Pocket is a reader to which you can save and share your favourite articles.
Today I received something really nice from them. An e-mail that told me I was among their top 5% of users. I have read more words on Pocket than 95% of their other users apparently. That felt pretty good and I immediately shared the fact with my friends on Facebook and a couple of clients I am developing email content for at the moment.
Pocket’s email was refreshing. It was a welcome change from other emails from lastminute.com or Zinio, who continue to flog fares and amazing sale prices that won’t last – but in reality always do. Pocket used simple data to recognise me in a positive way, and in the process, got those endorphins going!
Can communications by brands affect endorphins. I believe so. A few days ago, Andy Wilson, Head of Planning at BBDO Asia unpacked this quite nicely in an interview with Mumbrella on his work in neuroscience. Ads (good ones) drive a dopamine rush in our brains giving us a feel good factor. Novelty and unexpectedness are key to this. But good ads do more. They release Oxytocin, the ultimate in intimacy and bonding between mother and child.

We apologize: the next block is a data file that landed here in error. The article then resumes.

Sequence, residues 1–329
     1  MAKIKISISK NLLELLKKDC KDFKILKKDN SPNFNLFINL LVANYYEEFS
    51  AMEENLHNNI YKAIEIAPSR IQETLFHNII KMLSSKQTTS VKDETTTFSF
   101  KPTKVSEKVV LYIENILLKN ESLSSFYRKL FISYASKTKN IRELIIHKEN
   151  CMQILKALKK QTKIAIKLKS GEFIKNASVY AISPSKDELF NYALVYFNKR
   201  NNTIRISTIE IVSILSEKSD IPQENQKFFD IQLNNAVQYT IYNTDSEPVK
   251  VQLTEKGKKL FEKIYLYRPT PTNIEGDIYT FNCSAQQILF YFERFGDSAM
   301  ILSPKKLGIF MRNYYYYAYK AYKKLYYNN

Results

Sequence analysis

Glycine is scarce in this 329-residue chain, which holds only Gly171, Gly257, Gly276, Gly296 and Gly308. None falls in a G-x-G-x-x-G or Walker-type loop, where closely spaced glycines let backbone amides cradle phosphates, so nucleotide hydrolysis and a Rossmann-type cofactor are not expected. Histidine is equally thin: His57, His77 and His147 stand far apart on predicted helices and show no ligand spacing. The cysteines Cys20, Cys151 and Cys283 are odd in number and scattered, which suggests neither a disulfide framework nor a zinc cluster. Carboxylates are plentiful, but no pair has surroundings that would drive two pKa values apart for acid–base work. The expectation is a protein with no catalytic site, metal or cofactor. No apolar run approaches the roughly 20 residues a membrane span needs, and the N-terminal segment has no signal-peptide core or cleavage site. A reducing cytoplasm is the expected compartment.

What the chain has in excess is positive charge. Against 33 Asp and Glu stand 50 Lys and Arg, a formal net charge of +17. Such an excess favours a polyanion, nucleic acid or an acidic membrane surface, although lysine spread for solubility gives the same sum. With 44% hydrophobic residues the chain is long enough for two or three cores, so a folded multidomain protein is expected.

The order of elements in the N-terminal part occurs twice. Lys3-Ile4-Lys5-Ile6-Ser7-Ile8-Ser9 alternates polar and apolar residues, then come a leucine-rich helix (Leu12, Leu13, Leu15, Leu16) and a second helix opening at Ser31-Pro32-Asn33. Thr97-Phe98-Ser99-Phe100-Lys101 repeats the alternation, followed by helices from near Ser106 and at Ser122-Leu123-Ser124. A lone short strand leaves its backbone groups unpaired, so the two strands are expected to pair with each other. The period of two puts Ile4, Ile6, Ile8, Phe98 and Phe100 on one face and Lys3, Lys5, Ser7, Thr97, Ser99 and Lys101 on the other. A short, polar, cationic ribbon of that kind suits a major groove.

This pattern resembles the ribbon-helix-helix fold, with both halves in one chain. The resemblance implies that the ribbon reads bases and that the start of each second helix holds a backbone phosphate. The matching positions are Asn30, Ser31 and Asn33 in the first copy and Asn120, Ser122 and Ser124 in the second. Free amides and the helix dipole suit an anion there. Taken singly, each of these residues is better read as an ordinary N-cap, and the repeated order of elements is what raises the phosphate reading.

What advertising does, gesturing does too. Gesturing may be something we do or say that reveals a part of our character, who we are, and how we might behave in the future as a result. It is bigger that advertising with application across the entire spectrum of relationship building – advertising, direct marketing, CRM, email marketing and everything else that falls between.
What Pocket did with its email was gesture to me that I was important, and that my view and continued usage of their service was valued as a result. In an age where information overload will clearly be something we will need to deal with, the act of gesturing, with the goal of evoking not just any response, but an emotional and value-adding one, will become all the more important.